CORSAIR Strafe RGB MX Si­lent

Computer Shopper - - GAMING KEYBOARDS -

£150 From www.cur­


Its quiet keyswitches are nice, but the Strafe RGB MX Si­lent is far more than a one-trick key­board

ME­CHAN­I­CAL GAM­ING KEY­BOARDS pose an un­usual dilemma. Me­chan­i­cal switches are sim­ply bet­ter than rub­ber domes for gam­ing; they’re more re­spon­sive and have greater tac­tile feed­back, which is cru­cial when you need to keep your eyes on what’s hap­pen­ing on the screen. How­ever, me­chan­i­cal switches mean more noise, which might be good for touch-typ­ists but can en­croach on the fidelity of a game’s sound­track.

En­ter stal­wart switch-maker Cherry, and its MX Si­lent RGB de­sign. This is a bump­less, click­less lin­ear switch (like the more com­mon MX Red) de­signed for true me­chan­i­cal feel and dura­bil­ity, while be­ing as quiet as pos­si­ble and con­tain­ing an RGB LED to boot. Corsair’s Strafe RGB MX Si­lent, on test here, was the first show­ing of the damp­ened switch in ac­tion.

Sure enough, it’s con­sid­er­ably qui­eter – not ac­tu­ally si­lent, un­sur­pris­ingly – than the rest of Cherry’s switches, in­clud­ing the rel­a­tively hushed MX Red. There’s no loud click or clack what­so­ever, sim­i­lar to the switches uses in Ma­tias’ Quiet Pro se­ries of

of­fice key­boards; for the cu­ri­ous, they’re about the same vol­ume over­all, per­haps with the MX Si­lent’s hav­ing a higher reg­is­ter while Ma­tias’ are lower-pitched.

So, it’s a great fit for undis­turbed gam­ing on the noise front, though when it comes to feel, the Strafe RGB MX Si­lent is sur­pris­ingly mushy when bot­tom­ing out. It’s still a lot sharper and nim­bler than a mem­brane key­board, but if you’re likely to be do­ing a lot of typ­ing on the same PC you use for gam­ing, other Cherry switches (or SteelSeries’ QZ2 switches, seen in the Apex M750) are a bit more sat­is­fy­ing to hit.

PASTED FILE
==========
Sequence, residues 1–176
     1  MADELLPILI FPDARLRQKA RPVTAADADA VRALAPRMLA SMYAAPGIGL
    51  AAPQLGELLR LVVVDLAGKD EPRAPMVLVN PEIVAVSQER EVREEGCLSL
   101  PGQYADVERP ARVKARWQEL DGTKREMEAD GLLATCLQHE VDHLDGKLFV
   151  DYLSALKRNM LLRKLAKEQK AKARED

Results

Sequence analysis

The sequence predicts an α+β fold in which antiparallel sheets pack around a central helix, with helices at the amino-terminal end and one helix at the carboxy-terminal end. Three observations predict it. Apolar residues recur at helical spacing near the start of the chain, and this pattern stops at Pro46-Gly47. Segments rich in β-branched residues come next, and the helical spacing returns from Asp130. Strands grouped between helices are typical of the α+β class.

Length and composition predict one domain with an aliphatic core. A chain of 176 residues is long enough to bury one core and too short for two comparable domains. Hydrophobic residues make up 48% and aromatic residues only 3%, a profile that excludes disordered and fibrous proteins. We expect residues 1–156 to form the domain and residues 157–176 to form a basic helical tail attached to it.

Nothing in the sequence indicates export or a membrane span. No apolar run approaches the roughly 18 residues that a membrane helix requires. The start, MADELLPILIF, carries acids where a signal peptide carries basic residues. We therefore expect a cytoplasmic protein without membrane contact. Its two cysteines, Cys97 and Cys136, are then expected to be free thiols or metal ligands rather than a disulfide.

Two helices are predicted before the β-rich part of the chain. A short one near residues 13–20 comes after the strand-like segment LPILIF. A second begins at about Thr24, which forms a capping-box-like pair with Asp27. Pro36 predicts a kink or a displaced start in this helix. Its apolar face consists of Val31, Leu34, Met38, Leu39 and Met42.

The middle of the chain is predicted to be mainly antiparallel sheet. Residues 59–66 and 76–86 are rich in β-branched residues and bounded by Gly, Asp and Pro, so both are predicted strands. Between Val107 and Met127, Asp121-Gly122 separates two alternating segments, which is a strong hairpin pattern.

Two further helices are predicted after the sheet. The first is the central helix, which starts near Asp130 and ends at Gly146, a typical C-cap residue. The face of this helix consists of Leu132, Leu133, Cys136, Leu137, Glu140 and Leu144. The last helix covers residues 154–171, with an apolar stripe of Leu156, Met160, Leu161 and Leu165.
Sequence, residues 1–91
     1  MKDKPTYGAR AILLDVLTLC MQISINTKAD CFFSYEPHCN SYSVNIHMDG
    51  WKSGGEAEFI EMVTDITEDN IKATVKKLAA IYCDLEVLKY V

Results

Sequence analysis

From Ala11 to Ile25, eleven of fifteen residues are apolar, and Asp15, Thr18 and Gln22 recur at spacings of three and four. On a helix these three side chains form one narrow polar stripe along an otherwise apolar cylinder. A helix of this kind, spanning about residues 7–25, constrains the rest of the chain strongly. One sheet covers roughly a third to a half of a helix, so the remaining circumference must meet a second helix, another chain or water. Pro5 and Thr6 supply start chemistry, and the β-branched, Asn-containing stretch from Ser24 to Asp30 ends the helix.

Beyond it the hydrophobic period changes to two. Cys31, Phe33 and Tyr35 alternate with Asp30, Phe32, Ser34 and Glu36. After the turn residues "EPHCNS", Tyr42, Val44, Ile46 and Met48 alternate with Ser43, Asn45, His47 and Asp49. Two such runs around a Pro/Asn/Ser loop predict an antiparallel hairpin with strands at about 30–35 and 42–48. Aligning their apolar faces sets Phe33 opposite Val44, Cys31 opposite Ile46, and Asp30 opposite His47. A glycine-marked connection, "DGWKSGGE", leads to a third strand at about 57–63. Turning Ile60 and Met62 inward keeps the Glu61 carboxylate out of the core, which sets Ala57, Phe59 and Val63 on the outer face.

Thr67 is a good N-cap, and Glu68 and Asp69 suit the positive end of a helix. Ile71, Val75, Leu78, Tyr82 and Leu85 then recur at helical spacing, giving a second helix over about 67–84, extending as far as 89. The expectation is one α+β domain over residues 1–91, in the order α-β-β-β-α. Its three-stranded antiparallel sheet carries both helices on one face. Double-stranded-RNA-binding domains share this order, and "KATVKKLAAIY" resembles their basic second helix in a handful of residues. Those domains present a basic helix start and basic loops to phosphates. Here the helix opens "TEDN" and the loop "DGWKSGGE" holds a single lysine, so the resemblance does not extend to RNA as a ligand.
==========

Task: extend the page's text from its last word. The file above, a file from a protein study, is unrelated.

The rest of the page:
The good news is that this mi­nor quib­ble doesn’t af­fect per­for­mance, and the Strafe RGB MX Si­lent is beau­ti­fully quick and re­spon­sive – ex­actly what a gam­ing pe­riph­eral needs to be. There are other help­ful fea­tures in the form of full 104-key rollover to pre­vent ghost­ing, and a but­ton on the top-right that dis­ables the Win­dows key, elim­i­nat­ing the chances of ac­ci­den­tally open­ing the Start menu dur­ing a heated mo­ment. A de­tach­able soft-touch wrist rest also helps keep lengthy play ses­sions com­fort­able, even if it is a bit short from top to bot­tom.

By de­fault, the back­light­ing is mostly red, with the WASD and ar­row keys high­lighted in white, though ob­vi­ously the ben­e­fit of RGB is that you can cus­tomise the light­ing how­ever you want with the Corsair Util­ity En­gine (CUE) desk­top ap­pli­ca­tion. If you have other Corsair RGB hard­ware, such as a suit­able case or stand­alone light­ing strips, you can even sync the key­board light­ing’s colours and ef­fects to these parts of your rig.

Round­ing out the list of ex­tras is a set of tex­tured key­caps for the most-used keys in FPS and MOBA ti­tles, and a USB2 pass-through port. The for­mer can be an ac­quired taste (or, more ac­cu­rately, an ac­quired touch), but the USB port is handy for ev­ery­one, as it can trans­fer data as well as power other pe­riph­er­als. It’s a small but wel­come touch and shows that even when mak­ing a fuss about its quiet switches, Corsair knows the finer de­tails also make for a great key­board.

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